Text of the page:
Large diameter HDPE pipe for municipal piping system

For many years, the large diameter (16 inches and above) water pipe market has been represented by Steel Pipe (SP), Precast Concrete Cylindrical Pipe (PCCP), Ductile Iron Pipe (DIP) and PVC (Polyvinyl Chloride) pipe. On the other hand, HDPE pipe only accounts for 2% to 5% of the large diameter water pipe market.

This article aims to summarize cognitive issues associated with large diameter HDPE pipes and recommendations for pipe connections, fittings, sizing, design, installation, and maintenance.

According to the EPA report, the cognitive issues surrounding large diameter HDPE pipes boil down to three main points. First, there is a general lack of understanding of the product. In municipal projects, the number of stakeholders can complicate knowledge transfer for related products. Likewise, workers typically use familiar products and technologies. Finally, this lack of knowledge can even lead to the misconception that HDPE is not suitable for water applications.

A second cognitive problem stems from the notion that using new materials increases risk, even when some knowledge is available. Users often see HDPE as a new product for their specific application, out of their comfort zone because they have no experience with it. A major driver is needed to convince utilities to try new materials and applications. It's also quite interesting.

The best way to overcome these perceived problems is to help quantify the perceived risks and demonstrate the quantifiable benefits of using new materials. Also, it can be helpful to look at the history of similar products in use. For example, natural gas utilities have been using polyethylene pipes since the mid-1960s.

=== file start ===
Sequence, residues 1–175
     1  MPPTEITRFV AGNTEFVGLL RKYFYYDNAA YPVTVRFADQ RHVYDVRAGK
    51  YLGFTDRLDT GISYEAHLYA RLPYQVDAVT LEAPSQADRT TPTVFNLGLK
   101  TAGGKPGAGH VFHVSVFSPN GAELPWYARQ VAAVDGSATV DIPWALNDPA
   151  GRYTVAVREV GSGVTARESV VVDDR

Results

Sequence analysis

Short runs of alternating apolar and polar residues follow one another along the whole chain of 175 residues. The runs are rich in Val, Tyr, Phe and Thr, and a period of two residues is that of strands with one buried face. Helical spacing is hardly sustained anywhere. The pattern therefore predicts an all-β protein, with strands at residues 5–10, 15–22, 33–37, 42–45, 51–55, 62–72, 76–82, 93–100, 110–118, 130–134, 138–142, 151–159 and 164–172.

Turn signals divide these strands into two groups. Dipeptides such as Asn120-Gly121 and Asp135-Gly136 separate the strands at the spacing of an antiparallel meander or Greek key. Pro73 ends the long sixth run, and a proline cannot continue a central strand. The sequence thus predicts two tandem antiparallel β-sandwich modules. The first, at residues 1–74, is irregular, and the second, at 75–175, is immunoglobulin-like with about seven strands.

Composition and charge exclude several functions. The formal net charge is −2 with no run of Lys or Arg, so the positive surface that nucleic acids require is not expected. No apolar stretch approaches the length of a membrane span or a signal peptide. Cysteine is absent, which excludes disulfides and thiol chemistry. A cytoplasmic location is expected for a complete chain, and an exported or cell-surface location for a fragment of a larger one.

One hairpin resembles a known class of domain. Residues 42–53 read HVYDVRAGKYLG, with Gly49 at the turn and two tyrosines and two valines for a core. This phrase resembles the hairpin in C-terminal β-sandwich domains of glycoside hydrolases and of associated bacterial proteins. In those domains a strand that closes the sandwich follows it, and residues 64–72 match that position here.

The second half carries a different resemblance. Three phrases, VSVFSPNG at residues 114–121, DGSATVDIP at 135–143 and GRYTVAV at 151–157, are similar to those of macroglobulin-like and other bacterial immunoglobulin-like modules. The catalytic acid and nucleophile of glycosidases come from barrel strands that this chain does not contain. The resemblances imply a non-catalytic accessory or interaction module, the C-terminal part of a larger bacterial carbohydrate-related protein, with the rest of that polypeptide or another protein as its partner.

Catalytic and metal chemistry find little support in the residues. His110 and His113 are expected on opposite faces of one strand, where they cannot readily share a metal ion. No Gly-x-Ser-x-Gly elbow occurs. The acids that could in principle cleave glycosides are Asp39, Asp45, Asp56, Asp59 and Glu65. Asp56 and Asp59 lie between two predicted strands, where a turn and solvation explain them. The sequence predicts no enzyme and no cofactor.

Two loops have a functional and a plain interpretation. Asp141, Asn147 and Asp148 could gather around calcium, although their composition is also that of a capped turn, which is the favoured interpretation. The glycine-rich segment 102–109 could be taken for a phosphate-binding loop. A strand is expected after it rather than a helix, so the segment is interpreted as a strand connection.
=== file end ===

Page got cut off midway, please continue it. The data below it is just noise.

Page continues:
While it is relatively easy to talk about the physical and chemical properties of HDPE piping, a better way to help quantify its benefits is to describe its properties in relation to other piping materials. In a survey of 17 U.K. utilities, researchers outlined the average failure rate for various pipe materials. Average failure rates per 62 miles ranged from 20.1 failures on the high end of the iron pipe to 3.16 failures on the low end of the PE pipe. Another interesting finding of the report is that some of the PE used in the pipes was made more than 50 years ago.

Today, PE manufacturers can create reinforced polymer structures to improve slow crack growth resistance, tensile strength, ductility, allowable hydrostatic stress, and other pipe material properties. The importance of these improvements cannot be overstated. During the 1980s and 2000s, a survey of utility companies' satisfaction with PE pipes changed dramatically. Customer satisfaction hovered around 53% in the 1980s, rising to 95% in the 2000s.

The main reasons for choosing HDPE pipe material for large diameter transmission mains include flexibility, fusible joints, corrosion resistance, compatibility with trenchless technical methods such as horizontal directional drilling, and cost savings. Ultimately, these benefits can only be realized when proper construction methods, especially fusion welding, are followed.



Post time: Jul-31-2022